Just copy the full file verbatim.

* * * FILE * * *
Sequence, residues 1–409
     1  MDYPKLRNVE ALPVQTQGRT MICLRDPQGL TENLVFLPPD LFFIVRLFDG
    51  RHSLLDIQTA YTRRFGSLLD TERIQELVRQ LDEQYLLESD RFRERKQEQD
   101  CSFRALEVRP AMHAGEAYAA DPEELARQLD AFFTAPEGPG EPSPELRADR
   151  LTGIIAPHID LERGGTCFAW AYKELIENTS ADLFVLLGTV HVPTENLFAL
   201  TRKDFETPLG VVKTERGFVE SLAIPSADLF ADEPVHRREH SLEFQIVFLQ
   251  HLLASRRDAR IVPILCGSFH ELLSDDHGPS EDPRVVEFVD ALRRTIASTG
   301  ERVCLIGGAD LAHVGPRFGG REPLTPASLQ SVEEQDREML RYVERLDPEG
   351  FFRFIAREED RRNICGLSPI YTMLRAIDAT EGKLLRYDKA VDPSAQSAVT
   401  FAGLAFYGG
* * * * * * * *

Sequence, residues 1–409
     1  MDYPKLRNVE ALPVQTQGRT MICLRDPQGL TENLVFLPPD LFFIVRLFDG
    51  RHSLLDIQTA YTRRFGSLLD TERIQELVRQ LDEQYLLESD RFRERKQEQD
   101  CSFRALEVRP AMHAGEAYAA DPEELARQLD AFFTAPEGPG EPSPELRADR
   151  LTGIIAPHID LERGGTCFAW AYKELIENTS ADLFVLLGTV HVPTENLFAL
   201  TRKDFETPLG VVKTERGFVE SLAIPSADLF ADEPVHRREH SLEFQIVFLQ
   251  HLLASRRDAR IVPILCGSFH ELLSDDHGPS EDPRVVEFVD ALRRTIASTG
   301  ERVCLIGGAD LAHVGPRFGG REPLTPASLQ SVEEQDREML RYVERLDPEG
   351  FFRFIAREED RRNICGLSPI YTMLRAIDAT EGKLLRYDKA VDPSAQSAVT
   401  FAGLAFYGG